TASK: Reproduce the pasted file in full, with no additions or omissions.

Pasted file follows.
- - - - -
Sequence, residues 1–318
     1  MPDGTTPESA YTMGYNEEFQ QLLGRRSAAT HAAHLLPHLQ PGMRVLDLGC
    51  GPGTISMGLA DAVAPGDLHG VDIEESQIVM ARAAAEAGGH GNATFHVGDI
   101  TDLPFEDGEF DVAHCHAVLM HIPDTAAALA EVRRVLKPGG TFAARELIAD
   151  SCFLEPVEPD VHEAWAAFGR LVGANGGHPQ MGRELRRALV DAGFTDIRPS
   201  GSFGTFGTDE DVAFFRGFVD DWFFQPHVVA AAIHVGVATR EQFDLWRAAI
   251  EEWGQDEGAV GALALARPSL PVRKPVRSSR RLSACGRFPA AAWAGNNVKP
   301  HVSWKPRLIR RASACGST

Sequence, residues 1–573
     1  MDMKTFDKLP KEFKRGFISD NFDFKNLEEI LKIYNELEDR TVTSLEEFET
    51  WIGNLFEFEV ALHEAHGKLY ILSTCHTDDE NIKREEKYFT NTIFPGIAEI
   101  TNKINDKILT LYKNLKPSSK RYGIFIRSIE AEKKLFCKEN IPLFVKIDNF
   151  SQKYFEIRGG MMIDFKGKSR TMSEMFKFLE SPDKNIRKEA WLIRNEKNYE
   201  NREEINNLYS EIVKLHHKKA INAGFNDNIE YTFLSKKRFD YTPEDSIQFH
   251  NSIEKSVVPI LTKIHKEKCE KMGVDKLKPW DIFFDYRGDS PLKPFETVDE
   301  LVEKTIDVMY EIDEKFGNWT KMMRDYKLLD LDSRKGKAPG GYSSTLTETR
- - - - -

Sequence, residues 1–318
     1  MPDGTTPESA YTMGYNEEFQ QLLGRRSAAT HAAHLLPHLQ PGMRVLDLGC
    51  GPGTISMGLA DAVAPGDLHG VDIEESQIVM ARAAAEAGGH GNATFHVGDI
   101  TDLPFEDGEF DVAHCHAVLM HIPDTAAALA EVRRVLKPGG TFAARELIAD
   151  SCFLEPVEPD VHEAWAAFGR LVGANGGHPQ MGRELRRALV DAGFTDIRPS
   201  GSFGTFGTDE DVAFFRGFVD DWFFQPHVVA AAIHVGVATR EQFDLWRAAI
   251  EEWGQDEGAV GALALARPSL PVRKPVRSSR RLSACGRFPA AAWAGNNVKP
   301  HVSWKPRLIR RASACGST

Sequence, residues 1–573
     1  MDMKTFDKLP KEFKRGFISD NFDFKNLEEI LKIYNELEDR TVTSLEEFET
    51  WIGNLFEFEV ALHEAHGKLY ILSTCHTDDE NIKREEKYFT NTIFPGIAEI
   101  TNKINDKILT LYKNLKPSSK RYGIFIRSIE AEKKLFCKEN IPLFVKIDNF
   151  SQKYFEIRGG MMIDFKGKSR TMSEMFKFLE SPDKNIRKEA WLIRNEKNYE
   201  NREEINNLYS EIVKLHHKKA INAGFNDNIE YTFLSKKRFD YTPEDSIQFH
   251  NSIEKSVVPI LTKIHKEKCE KMGVDKLKPW DIFFDYRGDS PLKPFETVDE
   301  LVEKTIDVMY EIDEKFGNWT KMMRDYKLLD LDSRKGKAPG GYSSTLTETR